My dear brothers and sisters in the Lord,
The influx of unaccompanied minors at the southern border of the U.S. has grabbed national headlines in recent weeks and turned much of our attention to our Nation’s capital and our foreign policy. Last week, I traveled to Washington, D.C., to participate in the National Migration Conference, where organizers brought together migration workers from around the U.S. who not only provide legal services but also resettlement services to immigrants and refugees. It was truly inspiring to see close to 1,000 attendees, showing that the Church around our country is truly dedicated to the service of the strangers in our midst.
The situation at the border – the “border crisis” as it has become known – was the major topic of discussion during the conference. This movement of unaccompanied minors has always been part of the migration and refugee flow, but in the past several months, attention has been brought to this particularly vulnerable group. One factor, which is not well publicized, is that nearly 85 percent of those coming are destined to be reunited with either parents or close relatives who are awaiting their arrival.
Our broken immigration system does not allow for an orderly flow of family reunification. This issue must be addressed in any future reform of our immigration system. It is true that it is not only economic hardship that causes many to flee. In other cases, many escape from Central America and Mexico due to violence from gang activity supported by the drug cartels.
I cannot help but remember the story from my own family about my “unaccompanied minor” grandfather who spoke about his arrival in the U.S. He left his family at the age of 15 in 1913 and traveled alone to the U.S. He always was very proud that he traveled the first 20 miles barefoot to save the new pair of shoes that his father, a shoemaker, made for him so that he could keep them new for as long as possible.
Once he arrived in Compobasso, he took the train to Naples to board a ship to come to the U.S., with only an affidavit from a fellow townsperson who guaranteed he would not become a public charge. That was the simple law of that time in our history. There was an unlimited and open immigration to the U.S. before 1922, when some draconian changes were made to the law to stop the flow of immigrants, especially from Southern and Eastern Europe.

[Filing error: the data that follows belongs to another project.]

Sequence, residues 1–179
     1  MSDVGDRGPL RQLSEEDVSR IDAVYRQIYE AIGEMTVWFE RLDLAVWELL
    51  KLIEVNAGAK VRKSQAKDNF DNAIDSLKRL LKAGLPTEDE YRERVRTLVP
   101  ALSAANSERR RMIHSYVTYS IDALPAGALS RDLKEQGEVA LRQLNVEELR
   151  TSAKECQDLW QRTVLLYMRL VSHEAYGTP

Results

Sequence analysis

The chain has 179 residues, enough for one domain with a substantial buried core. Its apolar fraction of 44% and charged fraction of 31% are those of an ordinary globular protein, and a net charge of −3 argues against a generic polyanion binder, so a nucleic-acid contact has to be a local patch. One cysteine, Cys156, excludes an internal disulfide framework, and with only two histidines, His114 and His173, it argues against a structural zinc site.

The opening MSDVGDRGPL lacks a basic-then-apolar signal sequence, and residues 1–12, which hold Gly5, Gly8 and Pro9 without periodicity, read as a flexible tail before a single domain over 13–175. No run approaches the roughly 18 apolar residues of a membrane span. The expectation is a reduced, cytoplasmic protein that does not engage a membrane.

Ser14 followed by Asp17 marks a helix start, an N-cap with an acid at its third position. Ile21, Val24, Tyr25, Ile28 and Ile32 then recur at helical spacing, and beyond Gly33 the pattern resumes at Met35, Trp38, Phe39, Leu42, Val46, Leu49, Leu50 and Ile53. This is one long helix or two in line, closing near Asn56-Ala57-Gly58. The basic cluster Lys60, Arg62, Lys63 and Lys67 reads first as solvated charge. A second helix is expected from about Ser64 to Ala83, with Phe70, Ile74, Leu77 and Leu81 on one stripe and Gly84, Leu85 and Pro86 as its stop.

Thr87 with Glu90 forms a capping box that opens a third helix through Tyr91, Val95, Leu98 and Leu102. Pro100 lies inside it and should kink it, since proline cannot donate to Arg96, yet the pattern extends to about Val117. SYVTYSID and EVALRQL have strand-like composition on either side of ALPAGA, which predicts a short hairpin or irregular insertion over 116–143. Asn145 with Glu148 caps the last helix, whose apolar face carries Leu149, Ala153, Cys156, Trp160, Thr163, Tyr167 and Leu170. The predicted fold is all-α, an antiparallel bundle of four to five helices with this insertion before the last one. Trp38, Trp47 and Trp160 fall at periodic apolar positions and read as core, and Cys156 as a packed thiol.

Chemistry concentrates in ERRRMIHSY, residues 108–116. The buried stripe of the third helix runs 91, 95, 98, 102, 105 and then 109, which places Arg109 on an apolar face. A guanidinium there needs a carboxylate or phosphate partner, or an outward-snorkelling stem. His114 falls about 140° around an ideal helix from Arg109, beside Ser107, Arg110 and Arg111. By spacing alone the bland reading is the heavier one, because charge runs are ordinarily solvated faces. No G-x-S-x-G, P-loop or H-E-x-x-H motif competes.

At age 15, my grandfather came to Newark, N.J., and began to work in a factory that manufactured Kewpie Dolls, a doll that was very popular during that time. She had a porcelain face and was attached to a rag doll body, which many times were given as carnival prizes. He often mentioned his first winter when he had no money to buy a coat and he stuffed newspapers under his jacket to keep warm. The hardships of our immigrant forbearers, unfortunately, are unknown to many people today. If we knew their stories, I think that many people would have a different understanding of the present plight of regular and irregular migrants today.
Our world today, unfortunately, is not very kind to children. The kidnapping of 200 young girls in Africa and the deaths of many children, as well as the recent tragedy in Israel of the kidnapping and murder of three Israeli boys, as well as the brutal murder of the Palestinian boy in retribution, only highlights the horrible crimes against children in our day. The untold deaths of children in Syria in a conflict that never seems to end, as well as the recent invasion of Iraq, all take their toll, especially on women and children.
As always, in any migration movement, a person puts out into the deep and uncharted waters. We need to pray that we come to a wise resolution of the current migratory flows, especially when children are involved. Please join me in praying that our national lawmakers and all those involved in assisting, especially unaccompanied minors to the U.S., will have the wisdom to deal justly with these latest refugees from violence and economic desperation.